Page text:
The Israel Antiquities Authority is currently carrying out archaeological excavations near a cave that dates back to 2,000 years. This is the first time the agency has conducted such an investigation in the area. If the cave was the burial site of Salome, a midwife from the Bible, it would be significant.
Christians believe that Salome was a midwife who was asked to assist in the delivery of Jesus. When she arrived at the place where he was being born, she was initially not impressed by the baby's appearance. However, after holding the child, she was healed. Salome also stated that a great king was born to Israel.
Excavations of a cave reputed to be the burial place of Salome, said in non-canonical scripture to have been nurse to the newborn Jesus, have found more signs it was both an important Jewish tomb and a Christian pilgrimage site, archaeologists say.
— News5 (@News5PH) December 21, 2022
The site, which was initially a Jewish burial complex, was established during the first century AD. However, it eventually became a significant Christian site during the later centuries due to its association with Salome. During the time of the Byzantine chapel, the area was regarded as a place of pilgrimage.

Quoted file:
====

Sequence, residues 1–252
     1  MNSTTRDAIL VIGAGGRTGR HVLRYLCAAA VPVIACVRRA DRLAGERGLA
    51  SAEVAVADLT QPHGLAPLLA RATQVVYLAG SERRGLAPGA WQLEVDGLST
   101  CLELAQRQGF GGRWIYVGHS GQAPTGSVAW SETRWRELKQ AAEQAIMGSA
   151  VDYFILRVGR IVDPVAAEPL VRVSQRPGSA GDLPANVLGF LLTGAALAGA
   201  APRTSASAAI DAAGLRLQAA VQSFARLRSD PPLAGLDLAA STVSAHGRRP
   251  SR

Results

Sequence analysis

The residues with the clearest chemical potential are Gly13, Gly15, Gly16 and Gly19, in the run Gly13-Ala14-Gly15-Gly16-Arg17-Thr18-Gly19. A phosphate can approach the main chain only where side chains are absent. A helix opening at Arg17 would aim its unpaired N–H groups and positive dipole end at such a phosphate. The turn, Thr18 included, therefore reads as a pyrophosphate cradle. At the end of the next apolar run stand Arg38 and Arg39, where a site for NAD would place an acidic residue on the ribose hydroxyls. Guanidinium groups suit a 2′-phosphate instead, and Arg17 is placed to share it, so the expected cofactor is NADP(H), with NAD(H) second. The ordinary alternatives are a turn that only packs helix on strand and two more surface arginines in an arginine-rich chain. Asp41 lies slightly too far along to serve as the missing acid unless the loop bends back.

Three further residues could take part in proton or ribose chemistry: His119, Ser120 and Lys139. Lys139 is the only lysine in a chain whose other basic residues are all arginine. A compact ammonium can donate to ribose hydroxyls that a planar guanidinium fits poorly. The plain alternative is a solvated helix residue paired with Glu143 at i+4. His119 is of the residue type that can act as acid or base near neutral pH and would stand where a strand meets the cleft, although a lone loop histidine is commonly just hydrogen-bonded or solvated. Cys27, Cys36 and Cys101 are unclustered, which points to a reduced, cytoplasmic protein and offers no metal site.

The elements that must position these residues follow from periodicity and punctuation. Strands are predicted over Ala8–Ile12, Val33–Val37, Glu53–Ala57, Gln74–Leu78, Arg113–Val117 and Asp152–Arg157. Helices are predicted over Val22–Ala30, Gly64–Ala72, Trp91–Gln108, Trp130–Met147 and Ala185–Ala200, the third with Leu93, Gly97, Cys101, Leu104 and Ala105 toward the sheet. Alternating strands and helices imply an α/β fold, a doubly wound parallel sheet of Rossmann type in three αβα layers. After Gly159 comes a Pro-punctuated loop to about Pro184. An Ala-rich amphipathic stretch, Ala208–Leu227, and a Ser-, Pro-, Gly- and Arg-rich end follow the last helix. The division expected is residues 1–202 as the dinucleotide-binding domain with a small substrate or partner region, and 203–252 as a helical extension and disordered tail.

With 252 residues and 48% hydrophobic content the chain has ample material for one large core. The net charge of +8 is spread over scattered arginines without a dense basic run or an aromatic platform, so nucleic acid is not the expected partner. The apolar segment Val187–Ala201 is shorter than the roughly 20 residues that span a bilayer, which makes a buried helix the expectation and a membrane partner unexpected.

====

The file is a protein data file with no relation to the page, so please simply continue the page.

About 40 years ago, looters discovered the Solome Cave. However, after a doctor of antiquities, who was identified as Amos Kloner, started investigating it, his work was stopped. The cave's interior is approximately 350 square meters. It features numerous mosaic floors and stone walls. New research regarding the cave's forecourt is being carried out by the researchers.
Through their investigation, the researchers were able to uncover the cave's interior and the chapel inside. They learned that the family that owned the cave was very rich, as they were able to spend a lot of money on the details. The walls of the cave featured carvings of vases, pomegranates, rosettes, and other objects.
Although it's not exactly clear if the cave was the burial site of Salome, the inscriptions found on its walls indicate that the area was dedicated to her. IAA director Saar Ganor stated that the public can visit the cave and its forecourt once the necessary repairs and restorations are carried out.